I always had a car full of kids my children’s ages, teaching them how to fish and shoot. They had to learn properly. I wanted them to have etiquette afield, and we started in the dove fields. They had wooden pump guns and I’d make sure one was on the right and one on the left in the dove field. By the time I shot, they were eager to say, “You missed it, Mom!” I wouldn’t have if I hadn’t had to be a referee to see where my children were. From that, it started a great competition with my kids. It was like we had an abacus there to see who the better shot was.
Today, when I mentor new inexperienced huntresses or other youth in the field and/or blind, I explain etiquette is important and being respectful of others is key to being successful harvesting game. It takes only one to ruin the hunt.
Etiquette in the field is compared to being a house guest. You are only there for a short time. Manners make a difference … even paying guests are not invited back if they cross the line or commit an infraction.
Whether it’s in a duck blind or on a deer stand, you need to observe and follow the behavior of your guide and of your host.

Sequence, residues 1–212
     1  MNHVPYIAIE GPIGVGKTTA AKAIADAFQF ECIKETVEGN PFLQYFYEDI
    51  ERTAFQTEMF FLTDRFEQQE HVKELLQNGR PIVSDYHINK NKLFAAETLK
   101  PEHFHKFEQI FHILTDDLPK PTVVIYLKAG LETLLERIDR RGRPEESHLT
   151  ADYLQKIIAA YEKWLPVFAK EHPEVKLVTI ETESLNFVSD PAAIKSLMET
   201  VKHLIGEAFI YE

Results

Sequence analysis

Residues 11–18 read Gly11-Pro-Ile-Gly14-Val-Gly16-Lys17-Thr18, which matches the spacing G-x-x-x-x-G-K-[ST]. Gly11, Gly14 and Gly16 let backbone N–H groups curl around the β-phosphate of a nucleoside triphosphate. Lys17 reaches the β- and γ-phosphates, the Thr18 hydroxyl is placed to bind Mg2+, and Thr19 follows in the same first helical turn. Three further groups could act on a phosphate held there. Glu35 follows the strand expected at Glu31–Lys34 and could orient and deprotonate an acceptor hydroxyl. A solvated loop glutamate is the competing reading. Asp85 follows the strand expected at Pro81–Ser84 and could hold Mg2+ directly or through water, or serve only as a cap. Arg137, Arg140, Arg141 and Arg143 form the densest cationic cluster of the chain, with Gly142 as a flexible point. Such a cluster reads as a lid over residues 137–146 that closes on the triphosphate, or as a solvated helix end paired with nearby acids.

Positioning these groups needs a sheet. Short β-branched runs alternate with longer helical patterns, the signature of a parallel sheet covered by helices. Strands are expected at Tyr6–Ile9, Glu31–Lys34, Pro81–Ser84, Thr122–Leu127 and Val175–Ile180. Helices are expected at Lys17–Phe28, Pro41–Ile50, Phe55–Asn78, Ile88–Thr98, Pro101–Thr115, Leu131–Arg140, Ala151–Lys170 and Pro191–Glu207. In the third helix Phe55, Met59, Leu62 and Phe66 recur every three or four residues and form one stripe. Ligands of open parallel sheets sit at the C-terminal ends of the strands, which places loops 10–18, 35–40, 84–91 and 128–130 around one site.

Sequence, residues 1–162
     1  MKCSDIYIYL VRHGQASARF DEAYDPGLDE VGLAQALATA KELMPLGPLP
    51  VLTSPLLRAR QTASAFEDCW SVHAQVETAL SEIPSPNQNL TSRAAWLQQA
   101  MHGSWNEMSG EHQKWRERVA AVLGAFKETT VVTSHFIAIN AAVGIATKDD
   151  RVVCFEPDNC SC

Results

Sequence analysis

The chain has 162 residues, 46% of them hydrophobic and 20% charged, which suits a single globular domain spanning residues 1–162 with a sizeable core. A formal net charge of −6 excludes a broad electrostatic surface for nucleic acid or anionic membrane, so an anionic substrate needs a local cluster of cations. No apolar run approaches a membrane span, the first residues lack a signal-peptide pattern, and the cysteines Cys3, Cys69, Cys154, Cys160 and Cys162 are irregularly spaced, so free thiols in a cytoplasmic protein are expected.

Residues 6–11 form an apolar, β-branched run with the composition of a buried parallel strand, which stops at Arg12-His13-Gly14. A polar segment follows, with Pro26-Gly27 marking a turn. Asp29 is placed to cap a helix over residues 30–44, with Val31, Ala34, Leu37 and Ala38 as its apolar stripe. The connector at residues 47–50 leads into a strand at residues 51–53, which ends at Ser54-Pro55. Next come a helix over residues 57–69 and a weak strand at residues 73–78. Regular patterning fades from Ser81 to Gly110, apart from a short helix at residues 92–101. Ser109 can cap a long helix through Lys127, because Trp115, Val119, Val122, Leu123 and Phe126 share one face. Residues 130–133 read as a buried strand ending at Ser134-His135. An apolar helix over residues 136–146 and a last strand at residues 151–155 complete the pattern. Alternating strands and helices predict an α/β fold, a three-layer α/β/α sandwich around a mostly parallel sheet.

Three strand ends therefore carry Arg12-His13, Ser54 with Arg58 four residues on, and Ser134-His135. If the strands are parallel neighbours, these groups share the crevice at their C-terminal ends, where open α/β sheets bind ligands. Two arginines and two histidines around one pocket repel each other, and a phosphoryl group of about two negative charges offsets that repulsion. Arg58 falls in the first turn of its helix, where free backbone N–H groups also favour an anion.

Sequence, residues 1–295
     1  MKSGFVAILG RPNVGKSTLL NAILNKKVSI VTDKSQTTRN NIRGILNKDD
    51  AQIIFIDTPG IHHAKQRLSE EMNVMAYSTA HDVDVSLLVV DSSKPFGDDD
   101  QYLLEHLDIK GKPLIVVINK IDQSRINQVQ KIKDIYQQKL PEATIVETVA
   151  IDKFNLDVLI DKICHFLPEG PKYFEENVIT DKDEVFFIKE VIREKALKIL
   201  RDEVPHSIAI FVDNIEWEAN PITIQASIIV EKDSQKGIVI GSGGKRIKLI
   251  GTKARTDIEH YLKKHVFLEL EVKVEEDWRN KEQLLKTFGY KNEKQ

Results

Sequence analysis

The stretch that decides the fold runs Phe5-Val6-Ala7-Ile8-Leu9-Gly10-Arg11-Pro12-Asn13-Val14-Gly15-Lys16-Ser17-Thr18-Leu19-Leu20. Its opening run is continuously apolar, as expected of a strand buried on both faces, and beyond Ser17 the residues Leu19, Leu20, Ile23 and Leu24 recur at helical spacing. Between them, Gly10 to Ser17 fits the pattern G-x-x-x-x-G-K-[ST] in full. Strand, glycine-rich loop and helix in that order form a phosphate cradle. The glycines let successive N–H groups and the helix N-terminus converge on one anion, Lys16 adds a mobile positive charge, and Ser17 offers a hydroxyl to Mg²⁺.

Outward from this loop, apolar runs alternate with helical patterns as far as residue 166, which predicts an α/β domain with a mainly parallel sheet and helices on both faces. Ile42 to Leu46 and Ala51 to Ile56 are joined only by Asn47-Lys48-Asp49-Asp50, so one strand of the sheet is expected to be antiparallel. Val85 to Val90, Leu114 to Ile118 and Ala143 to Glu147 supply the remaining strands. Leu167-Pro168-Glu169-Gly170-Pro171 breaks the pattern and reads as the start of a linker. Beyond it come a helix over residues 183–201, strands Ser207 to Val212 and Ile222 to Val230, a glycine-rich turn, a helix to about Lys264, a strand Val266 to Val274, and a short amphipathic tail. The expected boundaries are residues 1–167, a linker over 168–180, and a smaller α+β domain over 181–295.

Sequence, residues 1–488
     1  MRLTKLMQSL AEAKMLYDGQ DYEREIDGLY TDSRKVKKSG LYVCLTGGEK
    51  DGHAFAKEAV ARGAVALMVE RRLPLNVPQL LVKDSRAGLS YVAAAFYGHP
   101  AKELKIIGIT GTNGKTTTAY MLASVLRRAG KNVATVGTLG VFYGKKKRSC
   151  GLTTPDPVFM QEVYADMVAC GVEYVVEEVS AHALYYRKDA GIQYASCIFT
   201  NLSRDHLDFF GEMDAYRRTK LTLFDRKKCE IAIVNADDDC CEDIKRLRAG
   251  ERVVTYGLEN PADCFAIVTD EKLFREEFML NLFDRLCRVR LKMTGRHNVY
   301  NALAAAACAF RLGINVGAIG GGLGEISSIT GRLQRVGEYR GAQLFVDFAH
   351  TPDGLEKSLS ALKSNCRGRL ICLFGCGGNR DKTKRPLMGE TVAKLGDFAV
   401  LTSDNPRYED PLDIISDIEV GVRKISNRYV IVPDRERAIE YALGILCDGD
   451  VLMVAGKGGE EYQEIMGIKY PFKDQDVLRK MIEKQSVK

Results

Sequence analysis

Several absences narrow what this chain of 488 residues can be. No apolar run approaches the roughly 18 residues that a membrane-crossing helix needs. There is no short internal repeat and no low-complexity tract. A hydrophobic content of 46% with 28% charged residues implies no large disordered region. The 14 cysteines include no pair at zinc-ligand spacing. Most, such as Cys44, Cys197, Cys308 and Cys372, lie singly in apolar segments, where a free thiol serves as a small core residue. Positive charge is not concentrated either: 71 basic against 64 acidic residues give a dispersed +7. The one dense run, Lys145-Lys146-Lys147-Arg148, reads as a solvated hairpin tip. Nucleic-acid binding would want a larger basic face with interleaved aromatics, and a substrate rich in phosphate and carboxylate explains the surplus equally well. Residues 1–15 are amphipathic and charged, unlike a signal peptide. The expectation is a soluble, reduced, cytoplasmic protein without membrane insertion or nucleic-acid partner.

Did You Know?
Hand signals are used in the blind and/or field while walking as quietly as possible. Animals have a keen sense of hearing of movement on the ground. Alligators can feel movement five miles away.
TIP: When bird hunting in fields with multiple hunters, be respectful. Pick up your spent shells and trash. Always know when it’s your turn to shoot. If a bird is closer to the opposite end of the line of hunters, do not shoot over or crisscross a shot of another hunter.
Did You Know?
When walking a line during a bird hunt – such as pheasant, quail, chucker, guinea fowl, etc., stay within your line and walk at a pace set by the group. You don’t want to be called a “field hog.”
TIP: Always be cognizant of where you are pointing the muzzle. Gun muzzles should always be pointed up when walking fields, especially with working dogs in front of the line.